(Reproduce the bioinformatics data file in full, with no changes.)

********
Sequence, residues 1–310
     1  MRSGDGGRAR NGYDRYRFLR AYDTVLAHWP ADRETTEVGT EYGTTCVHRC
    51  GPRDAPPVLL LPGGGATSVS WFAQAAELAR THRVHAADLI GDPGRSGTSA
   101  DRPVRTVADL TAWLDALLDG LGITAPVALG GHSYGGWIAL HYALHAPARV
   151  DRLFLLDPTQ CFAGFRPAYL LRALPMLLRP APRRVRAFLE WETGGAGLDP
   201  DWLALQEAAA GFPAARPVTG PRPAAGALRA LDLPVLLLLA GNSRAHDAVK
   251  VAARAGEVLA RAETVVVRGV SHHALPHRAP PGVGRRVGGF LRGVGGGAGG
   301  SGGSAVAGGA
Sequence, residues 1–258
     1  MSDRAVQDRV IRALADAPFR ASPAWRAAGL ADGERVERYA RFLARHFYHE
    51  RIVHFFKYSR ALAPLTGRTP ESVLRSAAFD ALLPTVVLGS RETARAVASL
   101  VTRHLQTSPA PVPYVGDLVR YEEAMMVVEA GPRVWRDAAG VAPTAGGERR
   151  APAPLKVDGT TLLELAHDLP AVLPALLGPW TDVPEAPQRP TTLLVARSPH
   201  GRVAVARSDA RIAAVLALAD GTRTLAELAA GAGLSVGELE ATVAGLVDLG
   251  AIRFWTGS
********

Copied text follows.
Sequence, residues 1–310
     1  MRSGDGGRAR NGYDRYRFLR AYDTVLAHWP ADRETTEVGT EYGTTCVHRC
    51  GPRDAPPVLL LPGGGATSVS WFAQAAELAR THRVHAADLI GDPGRSGTSA
   101  DRPVRTVADL TAWLDALLDG LGITAPVALG GHSYGGWIAL HYALHAPARV
   151  DRLFLLDPTQ CFAGFRPAYL LRALPMLLRP APRRVRAFLE WETGGAGLDP
   201  DWLALQEAAA GFPAARPVTG PRPAAGALRA LDLPVLLLLA GNSRAHDAVK
   251  VAARAGEVLA RAETVVVRGV SHHALPHRAP PGVGRRVGGF LRGVGGGAGG
   301  SGGSAVAGGA
Sequence, residues 1–258
     1  MSDRAVQDRV IRALADAPFR ASPAWRAAGL ADGERVERYA RFLARHFYHE
    51  RIVHFFKYSR ALAPLTGRTP ESVLRSAAFD ALLPTVVLGS RETARAVASL
   101  VTRHLQTSPA PVPYVGDLVR YEEAMMVVEA GPRVWRDAAG VAPTAGGERR
   151  APAPLKVDGT TLLELAHDLP AVLPALLGPW TDVPEAPQRP TTLLVARSPH
   201  GRVAVARSDA RIAAVLALAD GTRTLAELAA GAGLSVGELE ATVAGLVDLG
   251  AIRFWTGS